For patients with brain tumors, the route to the radiation room can be anxiety-producing — particularly the first time, when they go to be fitted with a moldable, plastic mesh mask that will anchor their head in the same position each time they receive radiation therapy.
Annie LaVigne, chief resident in radiation oncology at The Johns Hopkins Hospital, thinks a lot about her patients. To lift their mood, she envisions them being greeted along the corridor by unique wall hangings: mesh masks-turned-art projects. Something similar has been done at Johns Hopkins for some pediatric patients, but LaVigne wants to make the artwork a more prominent collection in her department.
“To make the process less anxiety-producing, I want to ground these foreign objects in something familiar to our patients,” she says, “something we share in common that’s unrelated to cancer, like Old Bay and crabs and the Ravens.”
This ongoing project began when LaVigne was a fourth-year resident and a scholar in the yearlong Health Humanities distinction track for residents and fellows at The Johns Hopkins Hospital and Johns Hopkins Bayview Medical Center. During her time in the track, LaVigne realized that the health humanities were the overarching theme connecting her academic and clinical interests. “In college, I minored in studio art, but I didn’t have much time for it once I started residency,” she says. “The track helped me find my way back to my art and connect it with improving patient care.”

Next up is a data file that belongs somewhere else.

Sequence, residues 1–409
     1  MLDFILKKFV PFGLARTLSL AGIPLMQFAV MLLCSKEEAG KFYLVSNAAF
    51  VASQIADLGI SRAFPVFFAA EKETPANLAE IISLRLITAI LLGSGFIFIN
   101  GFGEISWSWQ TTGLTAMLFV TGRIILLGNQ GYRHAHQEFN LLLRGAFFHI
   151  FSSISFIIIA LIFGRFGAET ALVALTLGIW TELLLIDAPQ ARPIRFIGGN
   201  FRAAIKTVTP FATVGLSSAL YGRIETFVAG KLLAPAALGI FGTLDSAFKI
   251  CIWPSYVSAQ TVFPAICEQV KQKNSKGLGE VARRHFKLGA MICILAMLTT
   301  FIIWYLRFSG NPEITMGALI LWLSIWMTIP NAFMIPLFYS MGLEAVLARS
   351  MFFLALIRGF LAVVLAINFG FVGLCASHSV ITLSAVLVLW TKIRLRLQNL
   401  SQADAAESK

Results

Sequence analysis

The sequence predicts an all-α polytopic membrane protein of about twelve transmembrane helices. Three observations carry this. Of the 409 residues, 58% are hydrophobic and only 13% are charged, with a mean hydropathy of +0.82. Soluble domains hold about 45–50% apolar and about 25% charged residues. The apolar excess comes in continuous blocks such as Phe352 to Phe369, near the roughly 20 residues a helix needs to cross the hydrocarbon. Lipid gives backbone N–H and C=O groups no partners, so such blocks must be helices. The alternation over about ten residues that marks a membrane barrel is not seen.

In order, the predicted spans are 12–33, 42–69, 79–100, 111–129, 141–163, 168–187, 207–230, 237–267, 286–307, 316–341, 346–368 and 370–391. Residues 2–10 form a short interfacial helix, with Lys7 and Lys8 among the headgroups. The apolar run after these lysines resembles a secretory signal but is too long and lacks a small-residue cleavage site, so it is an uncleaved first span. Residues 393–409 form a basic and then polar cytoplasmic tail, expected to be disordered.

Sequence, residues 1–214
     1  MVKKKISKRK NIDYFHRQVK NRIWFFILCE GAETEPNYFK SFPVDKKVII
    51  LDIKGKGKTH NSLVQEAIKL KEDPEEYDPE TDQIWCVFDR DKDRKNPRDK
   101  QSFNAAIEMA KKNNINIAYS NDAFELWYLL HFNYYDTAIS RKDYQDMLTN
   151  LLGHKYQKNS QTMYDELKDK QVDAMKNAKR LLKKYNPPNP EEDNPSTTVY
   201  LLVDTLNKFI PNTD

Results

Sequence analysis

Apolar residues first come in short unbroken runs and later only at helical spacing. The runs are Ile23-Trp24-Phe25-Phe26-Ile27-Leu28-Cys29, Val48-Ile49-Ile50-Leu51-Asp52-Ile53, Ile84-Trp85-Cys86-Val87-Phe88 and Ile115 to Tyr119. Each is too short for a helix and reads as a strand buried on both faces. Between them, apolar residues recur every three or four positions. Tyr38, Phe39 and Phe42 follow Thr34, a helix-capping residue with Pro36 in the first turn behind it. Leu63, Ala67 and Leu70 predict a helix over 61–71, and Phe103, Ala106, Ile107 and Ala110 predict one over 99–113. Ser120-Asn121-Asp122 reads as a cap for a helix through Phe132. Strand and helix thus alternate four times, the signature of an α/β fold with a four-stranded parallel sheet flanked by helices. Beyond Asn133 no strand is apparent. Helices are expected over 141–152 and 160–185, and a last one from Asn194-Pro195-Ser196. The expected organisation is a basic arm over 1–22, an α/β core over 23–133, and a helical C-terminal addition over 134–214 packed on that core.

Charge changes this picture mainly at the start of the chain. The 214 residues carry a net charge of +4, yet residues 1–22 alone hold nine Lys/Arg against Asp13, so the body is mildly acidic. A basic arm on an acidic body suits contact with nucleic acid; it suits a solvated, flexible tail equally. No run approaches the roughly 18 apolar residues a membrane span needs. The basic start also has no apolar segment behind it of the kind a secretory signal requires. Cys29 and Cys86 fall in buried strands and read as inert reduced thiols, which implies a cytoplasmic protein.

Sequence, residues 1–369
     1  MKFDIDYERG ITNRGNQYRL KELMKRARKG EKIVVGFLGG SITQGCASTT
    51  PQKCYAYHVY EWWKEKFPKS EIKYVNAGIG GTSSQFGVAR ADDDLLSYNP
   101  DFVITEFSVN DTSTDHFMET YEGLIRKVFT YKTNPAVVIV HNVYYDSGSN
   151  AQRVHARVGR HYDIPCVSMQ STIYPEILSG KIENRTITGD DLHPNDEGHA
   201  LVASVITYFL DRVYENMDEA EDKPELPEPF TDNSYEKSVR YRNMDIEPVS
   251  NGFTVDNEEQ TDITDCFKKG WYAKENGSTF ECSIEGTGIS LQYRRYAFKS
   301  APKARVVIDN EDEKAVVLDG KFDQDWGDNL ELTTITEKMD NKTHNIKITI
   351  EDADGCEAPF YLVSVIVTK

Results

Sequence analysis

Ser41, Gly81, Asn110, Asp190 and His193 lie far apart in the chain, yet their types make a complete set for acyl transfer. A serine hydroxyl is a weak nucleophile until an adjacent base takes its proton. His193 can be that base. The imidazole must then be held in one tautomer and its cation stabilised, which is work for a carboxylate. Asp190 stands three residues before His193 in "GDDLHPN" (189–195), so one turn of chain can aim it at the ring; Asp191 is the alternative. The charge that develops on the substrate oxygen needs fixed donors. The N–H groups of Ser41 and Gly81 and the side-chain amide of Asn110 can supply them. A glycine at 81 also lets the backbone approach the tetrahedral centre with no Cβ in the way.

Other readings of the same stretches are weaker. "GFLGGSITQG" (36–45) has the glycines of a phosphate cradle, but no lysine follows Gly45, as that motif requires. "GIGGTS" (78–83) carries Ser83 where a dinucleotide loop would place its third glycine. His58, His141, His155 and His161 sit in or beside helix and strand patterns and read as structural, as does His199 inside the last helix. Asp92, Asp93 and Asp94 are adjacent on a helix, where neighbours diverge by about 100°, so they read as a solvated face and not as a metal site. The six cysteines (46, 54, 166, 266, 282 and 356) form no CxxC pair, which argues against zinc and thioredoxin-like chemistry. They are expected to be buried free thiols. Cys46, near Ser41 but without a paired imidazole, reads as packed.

She was also inspired to begin “Reflection Rounds” for her department. Each month, an assortment of doctors, nurses, other care providers and administrative staff come together for half an hour to speak about important and challenging topics that don’t often get discussed, like the power of words to heal and to harm, and what wellness looks like — for patients and for participants. The “rounds” begin with quiet reflection on a work of art or a poem. Then, LaVigne invites participants to share their viewpoints and build upon each other’s thinking. Based on feedback she’s received, many leave feeling rejuvenated and more connected to their colleagues. “Wellness, in my mind, is bred by a sense of belonging and of being valued,” says LaVigne, “and art has a powerful way of enabling that.”